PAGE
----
We focus on the role of host defence peptides (HDP; also known as antimicrobial peptides) as modulators of inflammation, immunity, cell differentiation & death in infectious and inflammatory diseases. We have particular interest in diseases of the lungs (including infections with RSV and influenza, and cystic fibrosis) and the skin (including atopic dermatitis), as well as novel approaches to cancer immunotherapy and extending our knowledge of inflammatory processes to the development of novel therapeutics.
We are interested in discovering the importance of HDP to our ability to combat bacterial and viral infections. In addition, we study the potential of HDP (and their synthetic derivatives) in the development of novel therapeutic approaches, with the potential to circumvent problems of microbial resistance to conventional treatments by enhancing natural defences.
Our principal research interests focus on:
- The importance of host defence modulation and microbicidal activities in cathelicidin-mediated protection against pulmonary viruses (including Respiratory Syncytial Virus and Influenza), and their potential for novel protective and therapeutic interventions.
- The role and therapeutic potential of defensins, and related synthetic derivatives, in the treatment of Atopic dermatitis.
- The biological significance and therapeutic potential of cathelicidin-primed dendritic cells in host immunity.
- The role of cathelicidin-induced epithelial cell death of bacterially / virally infected cells, as an innate pulmonary defence.
- The key cellular sources of cathelicidins and therapeutic inducibility.
Additional and collaborative projects focus on:
- Neutrophil NET formation in host defence & the role of calprotectin in the cystic fibrosis lung disease.
- The function of cathelicidins as direct modulators of adaptive immune responses.
- Novel approaches to imaging HDP interactions with microbes and mammalian cells.
- The physiological importance of lipoxins in non-CF bronchiectasis, and potential as therapeutic targets.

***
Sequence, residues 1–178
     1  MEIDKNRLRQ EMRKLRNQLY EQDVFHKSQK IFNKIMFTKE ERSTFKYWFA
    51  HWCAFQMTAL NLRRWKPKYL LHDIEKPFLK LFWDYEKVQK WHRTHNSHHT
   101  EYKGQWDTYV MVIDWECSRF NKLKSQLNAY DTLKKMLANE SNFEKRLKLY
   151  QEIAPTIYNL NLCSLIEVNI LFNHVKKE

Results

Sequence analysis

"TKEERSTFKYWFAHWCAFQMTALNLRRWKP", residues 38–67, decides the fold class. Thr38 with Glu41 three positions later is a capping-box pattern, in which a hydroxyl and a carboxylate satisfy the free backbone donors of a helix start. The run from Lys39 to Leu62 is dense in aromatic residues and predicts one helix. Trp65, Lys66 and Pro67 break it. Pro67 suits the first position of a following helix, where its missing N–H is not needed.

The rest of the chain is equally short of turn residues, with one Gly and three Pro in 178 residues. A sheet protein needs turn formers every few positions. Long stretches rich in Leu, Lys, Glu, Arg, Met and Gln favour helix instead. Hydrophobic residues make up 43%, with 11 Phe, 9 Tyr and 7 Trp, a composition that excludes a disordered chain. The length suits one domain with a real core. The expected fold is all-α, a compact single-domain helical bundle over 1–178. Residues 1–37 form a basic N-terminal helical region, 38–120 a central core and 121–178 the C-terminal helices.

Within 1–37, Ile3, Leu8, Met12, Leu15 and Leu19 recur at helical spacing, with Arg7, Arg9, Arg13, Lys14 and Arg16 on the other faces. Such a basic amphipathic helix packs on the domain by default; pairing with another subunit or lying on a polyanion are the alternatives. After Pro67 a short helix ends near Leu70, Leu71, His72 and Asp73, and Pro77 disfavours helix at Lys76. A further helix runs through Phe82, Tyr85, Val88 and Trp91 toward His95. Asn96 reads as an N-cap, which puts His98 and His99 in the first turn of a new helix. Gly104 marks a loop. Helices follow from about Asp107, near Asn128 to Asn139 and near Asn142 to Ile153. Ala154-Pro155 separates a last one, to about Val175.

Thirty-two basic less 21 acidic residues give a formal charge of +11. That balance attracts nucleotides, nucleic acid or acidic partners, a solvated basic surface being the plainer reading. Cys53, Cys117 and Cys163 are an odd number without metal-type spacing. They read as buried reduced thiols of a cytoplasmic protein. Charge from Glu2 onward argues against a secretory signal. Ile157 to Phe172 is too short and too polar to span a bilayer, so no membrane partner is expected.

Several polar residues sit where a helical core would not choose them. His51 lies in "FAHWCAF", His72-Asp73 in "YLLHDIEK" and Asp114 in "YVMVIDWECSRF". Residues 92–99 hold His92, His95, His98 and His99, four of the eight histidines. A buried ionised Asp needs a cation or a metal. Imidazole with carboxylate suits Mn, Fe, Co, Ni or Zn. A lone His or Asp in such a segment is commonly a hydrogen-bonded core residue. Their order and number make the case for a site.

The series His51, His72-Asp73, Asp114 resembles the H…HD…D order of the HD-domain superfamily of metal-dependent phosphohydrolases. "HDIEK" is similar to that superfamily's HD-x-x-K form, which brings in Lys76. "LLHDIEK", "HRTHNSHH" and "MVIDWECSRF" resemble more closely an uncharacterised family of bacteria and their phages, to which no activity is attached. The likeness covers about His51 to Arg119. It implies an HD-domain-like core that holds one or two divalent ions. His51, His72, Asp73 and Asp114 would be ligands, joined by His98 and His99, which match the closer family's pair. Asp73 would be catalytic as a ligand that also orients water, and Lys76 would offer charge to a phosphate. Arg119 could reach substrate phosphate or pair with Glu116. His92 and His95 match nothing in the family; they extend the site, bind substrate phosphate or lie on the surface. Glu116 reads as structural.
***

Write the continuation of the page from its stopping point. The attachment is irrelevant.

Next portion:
- The importance of HDP in regulation of the microbiome.
- The role of HDP in the female reproductive tract and in premature birth.
What are Host Defence Peptides?
Host-defence peptides (HDP; also known as antimicrobial peptides) are a key first line component of the innate host defence against pathogens. These are evolutionarily-conserved, short, cationic, amphipathic peptides, produced by a wide range of cells and found throughout the body. Although initially described as microbicidal agents, we and others have characterised them as modulators of inflammation and immunity. Thus HDP can promote innate responses; enhancing protective inflammation and repair. These peptides are emerging as important in diseases affecting multiple organs including in the lung, skin and gastrointestinal tract. However, their specific immunomodulatory roles in defence against bacterial and viral infection remain poorly understood. In addition HDP are powerful templates for the development of novel microbicidal immunomodulatory therapeutics, with the capacity to circumvent microbial resistance strategies to conventional therapeutics by enhancing natural defences. However, the full potential of HDP-derived therapeutics is only likely to be realised through greater understanding of the multiple mechanisms employed by naturally-occurring HDP in host defence against specific bacterial and viral infectious diseases.